Failing to expand Heathrow would “give control to the French”, the airport’s boss has claimed.
Chief executive John Holland-Kaye warned that unless a third runway is built at the west London hub then more passengers and exporters will be forced to use Charles de Gaulle airport in Paris.
He told the PA news agency: “There’s no global Britain without Heathrow expansion. It’s as simple as that.
“If we don’t expand our only hub airport, then we’re going to be flying through Paris to get to global markets.
“Our exports will have to go through Paris to get all around the world.
“We’ll be signing trade deals with India and China and telling them that they can fly through Charles de Gaulle to get to the UK.”
The number of passengers who used the French airport grew by 5.4% last year to 76.2 million.
Heathrow saw a 1.0% year-on-year increase to 80.9 million.
It is Europe’s busiest airport, but will be overtaken by Charles de Gaulle in the next two years if the current trend continues.
would mean that while taking back control by leaving the EU with one hand, they’ll then give control to the French
Earlier this month, Boris Johnson said there is “no immediate prospect” of construction beginning on a third runway at Heathrow.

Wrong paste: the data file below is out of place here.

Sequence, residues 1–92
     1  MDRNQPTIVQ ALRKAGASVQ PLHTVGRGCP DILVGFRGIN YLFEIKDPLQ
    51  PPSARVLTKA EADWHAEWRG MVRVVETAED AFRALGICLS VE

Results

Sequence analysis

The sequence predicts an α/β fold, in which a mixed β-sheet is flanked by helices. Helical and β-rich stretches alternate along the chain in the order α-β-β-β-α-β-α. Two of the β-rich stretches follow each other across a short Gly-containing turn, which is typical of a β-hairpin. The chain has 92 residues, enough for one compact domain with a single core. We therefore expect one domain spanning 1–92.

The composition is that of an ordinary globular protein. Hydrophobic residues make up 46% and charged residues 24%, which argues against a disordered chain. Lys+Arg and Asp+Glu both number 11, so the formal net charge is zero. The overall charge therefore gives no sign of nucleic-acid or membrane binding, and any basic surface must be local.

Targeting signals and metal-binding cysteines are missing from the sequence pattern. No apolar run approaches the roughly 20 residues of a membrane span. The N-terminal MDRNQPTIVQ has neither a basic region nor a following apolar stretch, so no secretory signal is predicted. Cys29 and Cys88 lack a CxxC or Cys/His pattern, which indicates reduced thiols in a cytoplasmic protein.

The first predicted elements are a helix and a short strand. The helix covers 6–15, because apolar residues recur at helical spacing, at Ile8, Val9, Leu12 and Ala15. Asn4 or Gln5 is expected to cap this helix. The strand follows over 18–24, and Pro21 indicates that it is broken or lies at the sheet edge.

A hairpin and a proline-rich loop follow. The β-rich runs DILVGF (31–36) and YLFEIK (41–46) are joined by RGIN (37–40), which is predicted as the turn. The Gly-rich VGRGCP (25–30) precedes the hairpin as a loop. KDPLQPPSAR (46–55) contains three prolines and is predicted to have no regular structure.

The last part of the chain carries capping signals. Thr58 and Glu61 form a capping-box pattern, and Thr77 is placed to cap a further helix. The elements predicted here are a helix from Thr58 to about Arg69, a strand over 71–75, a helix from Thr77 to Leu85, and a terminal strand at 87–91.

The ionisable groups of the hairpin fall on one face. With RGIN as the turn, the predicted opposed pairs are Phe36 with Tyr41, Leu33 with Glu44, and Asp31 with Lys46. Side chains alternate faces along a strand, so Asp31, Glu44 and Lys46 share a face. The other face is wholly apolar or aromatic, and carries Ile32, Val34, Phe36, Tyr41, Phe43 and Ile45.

The Prime Minister opposed the expansion of the airport when he was the capital’s mayor and promised to “lie down … in front of those bulldozers” to stop the runway being built.
But Mr Holland-Kaye insisted that the impact of cancelling expansion “is not a position that any prime minister would put the UK in”.
He went on: “That would mean that while taking back control by leaving the EU with one hand, they’ll then give control to the French.
“That is completely unacceptable, but fortunately there is a solution that has been backed by Parliament, which will make sure Britain remains a great global trading nation.”
On Thursday, the Court of Appeal will deliver its ruling on the legal challenge to the Government’s support for Heathrow expansion.
Heathrow published its financial results for 2019 on Wednesday.
Revenues climbed 3.4% to £3.1 billion and earnings increased by 4.6% to £1.9 billion.